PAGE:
This will require a significant refactor of the test suite. We will no longer use a multi execution per module strategy, as this has caused nothing but problems from the beginning. Instead we will have a single execution per module, and will use the failsafe plugin (rather than surefire) to execute the tests in the integration-test phase.
The resulting test modules must also be usable against the full server module, so tests that are run against the web component individually must also be run as part of the full dist build. This will likely be accomplished by packaging up the test classes into test-jar artefacts, and should not pose a significant challenge.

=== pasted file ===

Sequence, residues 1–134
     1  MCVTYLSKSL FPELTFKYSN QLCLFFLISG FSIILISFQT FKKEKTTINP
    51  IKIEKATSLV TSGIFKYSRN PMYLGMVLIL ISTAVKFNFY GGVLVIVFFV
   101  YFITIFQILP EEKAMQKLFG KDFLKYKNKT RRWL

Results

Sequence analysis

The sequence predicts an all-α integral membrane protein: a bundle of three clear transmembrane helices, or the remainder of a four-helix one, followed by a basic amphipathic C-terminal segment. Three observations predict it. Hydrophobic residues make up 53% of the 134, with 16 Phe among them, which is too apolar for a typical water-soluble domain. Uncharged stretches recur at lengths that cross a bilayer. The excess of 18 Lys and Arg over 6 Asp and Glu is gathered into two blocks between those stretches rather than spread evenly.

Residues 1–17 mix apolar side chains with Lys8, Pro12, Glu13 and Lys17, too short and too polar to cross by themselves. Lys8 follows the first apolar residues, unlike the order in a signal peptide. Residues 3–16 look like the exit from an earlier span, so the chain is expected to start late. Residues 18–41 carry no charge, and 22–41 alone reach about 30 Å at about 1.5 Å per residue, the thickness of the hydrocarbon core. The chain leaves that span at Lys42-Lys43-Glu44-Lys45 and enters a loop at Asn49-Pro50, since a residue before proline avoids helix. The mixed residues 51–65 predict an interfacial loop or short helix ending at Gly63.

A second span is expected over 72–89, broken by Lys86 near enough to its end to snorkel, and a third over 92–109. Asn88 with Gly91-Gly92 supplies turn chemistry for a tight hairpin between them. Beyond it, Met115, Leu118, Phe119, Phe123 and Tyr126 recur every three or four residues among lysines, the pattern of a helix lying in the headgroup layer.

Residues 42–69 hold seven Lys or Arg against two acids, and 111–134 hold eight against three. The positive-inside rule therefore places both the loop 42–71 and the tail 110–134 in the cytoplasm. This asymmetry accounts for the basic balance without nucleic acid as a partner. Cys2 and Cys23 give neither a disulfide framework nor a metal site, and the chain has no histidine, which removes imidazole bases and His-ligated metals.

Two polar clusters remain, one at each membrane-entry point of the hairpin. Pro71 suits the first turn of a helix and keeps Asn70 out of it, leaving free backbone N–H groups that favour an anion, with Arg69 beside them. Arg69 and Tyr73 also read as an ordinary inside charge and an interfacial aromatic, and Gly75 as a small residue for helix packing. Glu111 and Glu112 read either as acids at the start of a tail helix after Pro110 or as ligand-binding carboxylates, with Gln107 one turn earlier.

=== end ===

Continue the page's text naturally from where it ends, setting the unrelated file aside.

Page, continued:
This test suite refactor should be performed before the distributions are split out, as EAP will likely want to adopt the new test suite structure at some point in the future to make back porting easier.
After this change the individual components will have to be versioned separately, and treated the same as any other component that forms part of Wildfly. This means that we must follow a 'release early release often' mantra for all component types, basically performing a release will have to be as simple as updating a version number and uploading to Nexus. If components are not released often it will make it very difficult to make changes that affect multiple areas of the server, and will greatly slow the development process.
Pull request processing will follow a similar pattern to today, however it should be greatly streamlined as mergers will no longer step on each others toes as they can work in different repositories simultaneously. Also for most repositories merging runs should be much faster, as the build will no longer take 2 hours.